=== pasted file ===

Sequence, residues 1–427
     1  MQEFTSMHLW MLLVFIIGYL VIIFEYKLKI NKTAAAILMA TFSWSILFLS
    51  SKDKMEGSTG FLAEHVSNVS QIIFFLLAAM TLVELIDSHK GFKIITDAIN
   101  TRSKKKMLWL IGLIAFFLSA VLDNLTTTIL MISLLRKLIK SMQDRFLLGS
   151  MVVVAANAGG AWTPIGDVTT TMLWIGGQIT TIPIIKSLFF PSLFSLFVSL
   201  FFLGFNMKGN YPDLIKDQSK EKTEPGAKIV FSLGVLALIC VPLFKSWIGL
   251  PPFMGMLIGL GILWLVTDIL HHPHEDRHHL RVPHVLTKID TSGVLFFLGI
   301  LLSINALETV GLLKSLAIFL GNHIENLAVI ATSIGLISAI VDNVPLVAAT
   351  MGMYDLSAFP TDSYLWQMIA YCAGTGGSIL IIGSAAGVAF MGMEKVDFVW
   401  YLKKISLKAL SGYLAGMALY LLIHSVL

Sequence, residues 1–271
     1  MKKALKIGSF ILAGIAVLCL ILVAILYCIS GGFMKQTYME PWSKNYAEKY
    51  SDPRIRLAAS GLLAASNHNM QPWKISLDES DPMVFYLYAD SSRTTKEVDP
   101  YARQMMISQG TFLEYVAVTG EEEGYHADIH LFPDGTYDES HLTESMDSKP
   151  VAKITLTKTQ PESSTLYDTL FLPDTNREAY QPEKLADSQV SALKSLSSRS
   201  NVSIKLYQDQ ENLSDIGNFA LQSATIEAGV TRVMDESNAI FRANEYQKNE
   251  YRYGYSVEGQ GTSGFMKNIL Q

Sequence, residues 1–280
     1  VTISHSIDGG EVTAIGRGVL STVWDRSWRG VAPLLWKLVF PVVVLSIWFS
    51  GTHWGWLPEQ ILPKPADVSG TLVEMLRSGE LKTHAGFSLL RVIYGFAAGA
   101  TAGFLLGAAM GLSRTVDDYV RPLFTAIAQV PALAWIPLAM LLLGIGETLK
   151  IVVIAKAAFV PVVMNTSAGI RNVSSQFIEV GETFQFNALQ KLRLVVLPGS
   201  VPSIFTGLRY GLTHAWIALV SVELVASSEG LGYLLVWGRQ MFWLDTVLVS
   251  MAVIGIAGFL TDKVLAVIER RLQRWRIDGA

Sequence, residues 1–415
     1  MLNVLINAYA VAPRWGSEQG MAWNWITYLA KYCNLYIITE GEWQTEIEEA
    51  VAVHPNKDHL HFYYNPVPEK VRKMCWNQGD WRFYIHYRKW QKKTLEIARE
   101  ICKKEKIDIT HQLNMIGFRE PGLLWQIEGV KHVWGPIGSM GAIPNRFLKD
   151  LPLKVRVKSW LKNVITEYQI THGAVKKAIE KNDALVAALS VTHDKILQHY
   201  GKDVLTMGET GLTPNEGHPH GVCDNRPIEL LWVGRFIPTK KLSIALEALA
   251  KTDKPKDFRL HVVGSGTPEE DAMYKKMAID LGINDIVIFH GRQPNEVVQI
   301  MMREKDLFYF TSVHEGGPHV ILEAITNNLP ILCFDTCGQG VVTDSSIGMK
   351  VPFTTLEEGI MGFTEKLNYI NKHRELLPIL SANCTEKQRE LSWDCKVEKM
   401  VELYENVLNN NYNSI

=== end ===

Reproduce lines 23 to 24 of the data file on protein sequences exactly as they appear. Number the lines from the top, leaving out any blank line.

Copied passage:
   201  VPSIFTGLRY GLTHAWIALV SVELVASSEG LGYLLVWGRQ MFWLDTVLVS
   251  MAVIGIAGFL TDKVLAVIER RLQRWRIDGA